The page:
When I was in grade 4 I had a crush. He was completely lovely and totally cute and he sat opposite me. I let him borrow my textas, which I arranged in perfect colour order on my desk. My crush on Nathan Carr is the earliest crush I remember having, and I had visions of sneaking out of my room and walking along the beach with him, hand in hand. Being 9, innocent and ever optimistic, I decided to write this fantasy down in a love letter to Nathan. I agonised over whether or not to sign my name at the end, and then decided that I should so that he could fall in love with me and we could live happily ever after.
One Thursday, I hung around after class and left the letter in his tow tray for him to find in the morning. It was definitely the most agonising night of my life. I was paralysed with fear of rejection, and the anticipation of the possibility of the glorious future that lay before us! When I arrived at school the next day, it was clear that he had received my letter. His brother and all his grade 6 friends rode right up to me on their intimidating razor scooters with the letter in their hands, saying “Jordan? Are you Jordan? Want to walk along the beach with me too?”
Oh, the agony of a broken heart! I spent the whole weekend wishing I could attach a paper bag permanently to my face so that no one would ever recognise me again. Note to self: NEVER SIGN YOUR NAME ON A LOVE LETTER. Period.
Sometimes, prayer can feel a bit like writing a love letter to a boy you have a crush on. You feel vulnerable, nervous, and you’re not sure what the answer will be. You have a vision of what things could be if God answers positively, but live in fear of your prayer being rejected. I spend a lot of time with high schoolers and uni students, and one of the most common questions I hear – from both Christians and non-Christians – is, ‘Why do we bother praying if God’s will is going to be done anyway? Does God even hear us? And if he does, why doesn’t he answer us?’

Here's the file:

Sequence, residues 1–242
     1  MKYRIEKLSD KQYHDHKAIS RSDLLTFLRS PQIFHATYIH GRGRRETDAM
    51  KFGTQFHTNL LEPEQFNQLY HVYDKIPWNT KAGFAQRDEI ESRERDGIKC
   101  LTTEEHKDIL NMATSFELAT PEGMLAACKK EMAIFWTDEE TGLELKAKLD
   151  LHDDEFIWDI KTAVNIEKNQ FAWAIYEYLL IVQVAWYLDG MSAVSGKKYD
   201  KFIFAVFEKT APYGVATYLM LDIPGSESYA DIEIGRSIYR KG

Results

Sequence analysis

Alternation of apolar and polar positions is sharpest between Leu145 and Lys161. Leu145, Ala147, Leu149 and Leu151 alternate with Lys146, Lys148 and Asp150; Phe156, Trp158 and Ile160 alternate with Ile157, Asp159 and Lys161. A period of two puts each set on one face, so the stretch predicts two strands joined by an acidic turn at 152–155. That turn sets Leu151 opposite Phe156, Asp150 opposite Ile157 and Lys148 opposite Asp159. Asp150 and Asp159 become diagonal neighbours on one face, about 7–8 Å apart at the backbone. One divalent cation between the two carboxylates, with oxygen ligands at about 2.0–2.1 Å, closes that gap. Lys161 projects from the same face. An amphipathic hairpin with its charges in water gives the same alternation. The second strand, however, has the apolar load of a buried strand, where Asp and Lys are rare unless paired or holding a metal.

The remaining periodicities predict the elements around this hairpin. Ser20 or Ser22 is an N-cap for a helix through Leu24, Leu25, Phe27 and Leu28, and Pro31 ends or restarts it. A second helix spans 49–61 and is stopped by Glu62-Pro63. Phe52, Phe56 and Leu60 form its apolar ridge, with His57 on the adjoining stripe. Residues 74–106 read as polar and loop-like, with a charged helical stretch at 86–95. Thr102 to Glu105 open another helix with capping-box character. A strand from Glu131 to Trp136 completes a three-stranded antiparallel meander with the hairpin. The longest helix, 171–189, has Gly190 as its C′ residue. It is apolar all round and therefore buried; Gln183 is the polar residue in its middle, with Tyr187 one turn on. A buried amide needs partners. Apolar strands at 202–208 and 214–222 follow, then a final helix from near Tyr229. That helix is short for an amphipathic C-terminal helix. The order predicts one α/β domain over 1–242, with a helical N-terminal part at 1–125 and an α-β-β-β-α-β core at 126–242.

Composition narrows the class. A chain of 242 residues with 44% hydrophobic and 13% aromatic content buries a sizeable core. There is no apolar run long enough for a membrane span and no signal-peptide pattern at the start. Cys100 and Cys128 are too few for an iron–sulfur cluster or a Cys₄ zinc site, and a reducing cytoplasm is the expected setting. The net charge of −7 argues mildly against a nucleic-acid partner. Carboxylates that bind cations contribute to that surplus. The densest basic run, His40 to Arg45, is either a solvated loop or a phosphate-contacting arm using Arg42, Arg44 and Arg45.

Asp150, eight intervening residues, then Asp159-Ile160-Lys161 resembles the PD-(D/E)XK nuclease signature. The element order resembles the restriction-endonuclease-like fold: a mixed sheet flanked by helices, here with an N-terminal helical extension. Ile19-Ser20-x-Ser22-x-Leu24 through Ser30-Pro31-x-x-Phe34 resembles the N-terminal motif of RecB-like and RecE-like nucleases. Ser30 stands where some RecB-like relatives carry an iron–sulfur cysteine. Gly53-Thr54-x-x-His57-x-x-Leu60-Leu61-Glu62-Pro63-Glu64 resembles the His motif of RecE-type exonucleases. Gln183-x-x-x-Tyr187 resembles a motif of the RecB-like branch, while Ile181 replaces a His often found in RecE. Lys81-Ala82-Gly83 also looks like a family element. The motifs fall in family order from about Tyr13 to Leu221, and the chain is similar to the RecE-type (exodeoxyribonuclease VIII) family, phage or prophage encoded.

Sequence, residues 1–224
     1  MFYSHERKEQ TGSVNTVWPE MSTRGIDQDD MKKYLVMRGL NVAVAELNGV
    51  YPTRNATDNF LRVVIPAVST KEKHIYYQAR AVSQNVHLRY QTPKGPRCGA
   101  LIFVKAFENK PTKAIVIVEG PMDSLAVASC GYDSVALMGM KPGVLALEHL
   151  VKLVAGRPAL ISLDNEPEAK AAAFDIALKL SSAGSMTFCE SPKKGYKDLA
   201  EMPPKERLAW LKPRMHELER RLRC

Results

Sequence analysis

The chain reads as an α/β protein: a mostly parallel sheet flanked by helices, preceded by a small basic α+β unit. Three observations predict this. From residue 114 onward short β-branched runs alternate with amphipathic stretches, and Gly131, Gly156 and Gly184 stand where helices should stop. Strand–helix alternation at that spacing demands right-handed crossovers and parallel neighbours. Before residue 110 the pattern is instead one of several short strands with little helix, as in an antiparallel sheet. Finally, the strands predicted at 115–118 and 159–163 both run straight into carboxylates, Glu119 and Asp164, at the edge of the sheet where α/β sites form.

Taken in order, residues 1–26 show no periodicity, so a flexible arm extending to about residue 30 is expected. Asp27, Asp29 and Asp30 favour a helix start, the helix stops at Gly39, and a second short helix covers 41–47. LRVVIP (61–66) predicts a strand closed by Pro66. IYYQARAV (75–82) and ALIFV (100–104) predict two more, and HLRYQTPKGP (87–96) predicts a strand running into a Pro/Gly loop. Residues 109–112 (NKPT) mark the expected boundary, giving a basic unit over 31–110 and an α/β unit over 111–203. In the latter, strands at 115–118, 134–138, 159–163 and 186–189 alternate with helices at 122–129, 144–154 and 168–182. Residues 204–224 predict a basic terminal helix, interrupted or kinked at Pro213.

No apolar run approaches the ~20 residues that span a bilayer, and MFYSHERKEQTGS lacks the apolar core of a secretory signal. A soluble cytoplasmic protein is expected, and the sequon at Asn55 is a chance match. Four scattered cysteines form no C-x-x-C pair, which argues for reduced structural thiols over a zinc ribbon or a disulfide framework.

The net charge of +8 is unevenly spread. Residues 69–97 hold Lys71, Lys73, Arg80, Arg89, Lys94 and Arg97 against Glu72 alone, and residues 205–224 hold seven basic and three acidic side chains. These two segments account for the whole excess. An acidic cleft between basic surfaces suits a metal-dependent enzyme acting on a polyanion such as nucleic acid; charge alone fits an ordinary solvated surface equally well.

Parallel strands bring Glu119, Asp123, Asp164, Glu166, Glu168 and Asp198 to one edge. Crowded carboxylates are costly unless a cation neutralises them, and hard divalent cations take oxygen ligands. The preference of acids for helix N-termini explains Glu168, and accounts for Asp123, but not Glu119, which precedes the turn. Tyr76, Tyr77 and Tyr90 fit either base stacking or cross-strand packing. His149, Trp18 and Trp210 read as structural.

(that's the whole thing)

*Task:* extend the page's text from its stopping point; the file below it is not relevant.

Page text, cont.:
We pray fervently for opportunities to tell a friend about Jesus, and when we it comes up, all we can do is babble and blubber. We pray for guidance about decision-making, and all we seem to receive is white noise. We pray for healing, and we can practically hear the chorus of crickets from heaven. It’s embarrassing. There have been many times that I have wondered if there’s a divine frequency that I’m not tuned in to. Is there a SCAN button that I need to navigate in order to get in touch with God? And yet, we are implored to ‘pray without ceasing’! So what are we missing here? Surely if God wanted us to pray, he would make it a more fruitful experience!
The key to understanding the cosmic, earth-shaking power and value of prayer can be found right there in Matthew 6, when Jesus teaches his disciples how to pray. The line vibrates and dances right beneath our noses, but is so little acknowledged or understood amongst the repetition of the liturgy at Sunday night church. Your kingdom come, your will be done on earth as it is in heaven.
Friends, the work of the indwelling Holy Spirit in our hearts is centred on conforming us to the likeness of Jesus Christ, who, when faced with death, boldly declared ‘Not my will, but your will be done’. We submit all things to the Lord, by prayer and petition and thanksgiving, in order that His good and perfect will might be manifest in every sphere of our lives. The very purpose of unceasing prayer is that every relationship, every anxiety, every situation, every decision, every joy, every trial, and every doubt is brought before the Lord in order that you might catch a glimpse of the vision that He has for the destiny of His Kingdom and your position in it.
Dietrich Bonheoffer writes, ever so profoundly, ‘Prayer does not change God, but it changes him who prays’. When we ask, ‘Why bother praying if God’s will is going to be done anyway?’ we are, maybe accidentally, getting to the very heart of the purpose of prayer. It’s not that God might conform to your plans and your dreams, but that by His glorious grace, he might transform your heart to want what he wants. And isn’t that the profound mystery of the gospel – that our gracious God invites us into His love letter, which is the story of a God who loved his people so much that he would go to extravagant lengths to win them back. Now whose love letter is it, really?